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Old Drum Memorial in Warrensburg,
Old Drum was a hound dog.
Old Drum hailed from
Charles Burden was Old Drum's master,
who cared very much for his hound.
On October 28, 1869, the dog was shot dead and it might or might not
have been the neighbor or the neighbor's nephew who done it.
Long story short, the entire affair
went before the courts as Burden vs
Hornsby. Charles Burden, as mentioned, was Old Drum's
master and Leonidas Hornsby was his neighbor and brother-in-law.
On September 23, 1870, one of Burden's
attorneys, George Graham Vest,
gave his closing remarks, the famous
Eulogy of the Dog at Warrensburg, Missouri.
This oration is also known as his
Tribute to the Dog.
Vest won his case.
Here is the Eulogy of
Gentlemen of the jury,
The best friend a man has in this world may turn against him and
become his enemy. His son or daughter whom he has reared with loving
care may prove ungrateful. Those who are nearest and dearest to us,
those whom we trust with our happiness and our good name, may become
traitors to their faith. The money that a man has, he may lose. It
flies away from him, perhaps when he needs it the most.
A manís reputation may be sacrificed
in a moment of ill-considered action. The people who are prone to
fall on their knees to do us honor when success is with us may be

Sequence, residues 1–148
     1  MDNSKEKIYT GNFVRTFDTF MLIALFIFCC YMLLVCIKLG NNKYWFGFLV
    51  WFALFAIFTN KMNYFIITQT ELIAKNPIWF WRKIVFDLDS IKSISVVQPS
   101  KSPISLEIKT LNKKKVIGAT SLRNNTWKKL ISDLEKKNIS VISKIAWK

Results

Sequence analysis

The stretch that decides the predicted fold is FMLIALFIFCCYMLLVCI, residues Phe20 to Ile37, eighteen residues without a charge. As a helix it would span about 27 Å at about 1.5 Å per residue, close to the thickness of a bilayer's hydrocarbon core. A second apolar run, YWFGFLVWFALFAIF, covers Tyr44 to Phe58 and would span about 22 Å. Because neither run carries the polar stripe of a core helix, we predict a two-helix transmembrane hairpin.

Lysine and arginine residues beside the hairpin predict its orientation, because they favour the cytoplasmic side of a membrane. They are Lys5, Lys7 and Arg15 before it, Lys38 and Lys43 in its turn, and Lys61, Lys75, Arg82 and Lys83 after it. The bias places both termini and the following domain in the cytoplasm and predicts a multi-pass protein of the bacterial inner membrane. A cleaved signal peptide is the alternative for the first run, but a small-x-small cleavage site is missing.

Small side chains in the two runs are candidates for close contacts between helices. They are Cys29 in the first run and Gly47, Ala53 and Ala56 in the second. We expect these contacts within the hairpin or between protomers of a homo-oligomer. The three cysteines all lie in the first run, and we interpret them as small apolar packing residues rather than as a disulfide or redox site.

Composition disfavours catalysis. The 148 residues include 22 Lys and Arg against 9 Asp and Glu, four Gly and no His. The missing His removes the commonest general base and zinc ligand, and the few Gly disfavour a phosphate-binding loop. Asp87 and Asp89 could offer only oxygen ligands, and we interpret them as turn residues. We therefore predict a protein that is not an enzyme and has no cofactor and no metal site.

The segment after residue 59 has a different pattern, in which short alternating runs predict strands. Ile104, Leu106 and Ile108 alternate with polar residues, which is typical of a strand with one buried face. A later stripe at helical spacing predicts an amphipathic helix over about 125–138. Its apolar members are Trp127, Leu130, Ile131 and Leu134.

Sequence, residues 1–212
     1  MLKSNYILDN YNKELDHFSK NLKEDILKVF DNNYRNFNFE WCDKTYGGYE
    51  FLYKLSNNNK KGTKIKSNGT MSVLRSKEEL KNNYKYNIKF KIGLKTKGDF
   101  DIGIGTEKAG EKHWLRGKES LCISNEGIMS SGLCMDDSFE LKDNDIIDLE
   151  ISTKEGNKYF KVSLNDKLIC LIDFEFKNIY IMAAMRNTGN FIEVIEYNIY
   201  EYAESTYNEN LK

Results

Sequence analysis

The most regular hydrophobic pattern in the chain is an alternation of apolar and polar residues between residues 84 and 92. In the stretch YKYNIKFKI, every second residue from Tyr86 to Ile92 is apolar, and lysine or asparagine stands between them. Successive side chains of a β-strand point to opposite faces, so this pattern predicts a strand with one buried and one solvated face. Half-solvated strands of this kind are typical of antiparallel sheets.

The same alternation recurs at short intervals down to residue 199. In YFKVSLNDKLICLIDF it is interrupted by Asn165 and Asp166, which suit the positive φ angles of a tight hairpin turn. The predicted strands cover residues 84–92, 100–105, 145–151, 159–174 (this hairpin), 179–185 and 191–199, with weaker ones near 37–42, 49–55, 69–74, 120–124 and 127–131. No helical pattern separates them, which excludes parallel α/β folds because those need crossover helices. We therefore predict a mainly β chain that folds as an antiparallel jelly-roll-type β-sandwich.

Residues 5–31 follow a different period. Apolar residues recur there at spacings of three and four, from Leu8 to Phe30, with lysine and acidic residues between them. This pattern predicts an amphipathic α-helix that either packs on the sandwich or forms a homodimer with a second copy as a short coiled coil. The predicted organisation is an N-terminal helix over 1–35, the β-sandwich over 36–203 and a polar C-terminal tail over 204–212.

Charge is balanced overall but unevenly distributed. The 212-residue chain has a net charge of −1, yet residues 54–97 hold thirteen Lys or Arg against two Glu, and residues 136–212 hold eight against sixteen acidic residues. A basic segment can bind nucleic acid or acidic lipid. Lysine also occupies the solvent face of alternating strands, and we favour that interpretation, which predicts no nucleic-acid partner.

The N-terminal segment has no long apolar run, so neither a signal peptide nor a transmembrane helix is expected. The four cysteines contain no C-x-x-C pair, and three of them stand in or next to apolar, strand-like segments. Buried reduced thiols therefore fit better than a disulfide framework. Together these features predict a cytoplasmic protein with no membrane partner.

the first to throw the stone of malice when failure settles its
cloud upon our heads. The one absolutely unselfish friend that a man
can have in this selfish world, the one that never deserts him and
the one that never proves ungrateful or treacherous is his dog.
Gentlemen of the jury, a manís dog stands by him in prosperity and
in poverty, in health and in sickness. He will sleep on the cold
ground, where the wintry winds blow and the snow drives fiercely, if
only he can be near his masterís side. He will kiss the hand that
has no food to offer, he will lick the wounds and sores that come in
encounter with the roughness of the world. He guards the sleep of
his pauper master as if he were a prince.
When all other friends desert, he remains. When riches take wings
and reputation falls to pieces, he is as constant in his love as the
sun in its journey through the heavens. If fortune drives the master
forth an outcast into the world, friendless and homeless, the
faithful dog asks no higher privilege than that of accompanying him,
to guard him against danger, to fight against his enemies. And when
the last scene of all comes, and death takes his master in its
embrace and his body is laid in the cold ground, no matter if all
other friends pursue their way, there by his graveside will the
noble dog be found, his head between his paws, his eyes sad but
open, in alert watchfulness, faithful and true, even unto death.
Old Drum's Place in
Old Drum's death triggered a public
declaration of love that man has for his only real friend in this
sorry world, his dog.
The good citizens of Missouri were
deeply touched and followed Old Drum's case with great interest all
the way to the Missouri Supreme Court.
And the fans didn't die out.
In 1947, Fred Ford placed a monument
to Old Drum on the banks of Big Creek, approximately where Old Drum
was found after he had been shot.
Here is the good piece:
Old Drum Monument at
Big Creek, Missouri
Missouri State Archives
In 1958, Old Drum was immortalized by
Reno Gastaldi, who crafted the bronze statue that you can see at the
top of this page. On the plaque at the front side of the statue's
base you can read Vest's Eulogy to the Dog.
Appropriately, the entire work was
placed in front of the Johnson County Courthouse in Warrensburg,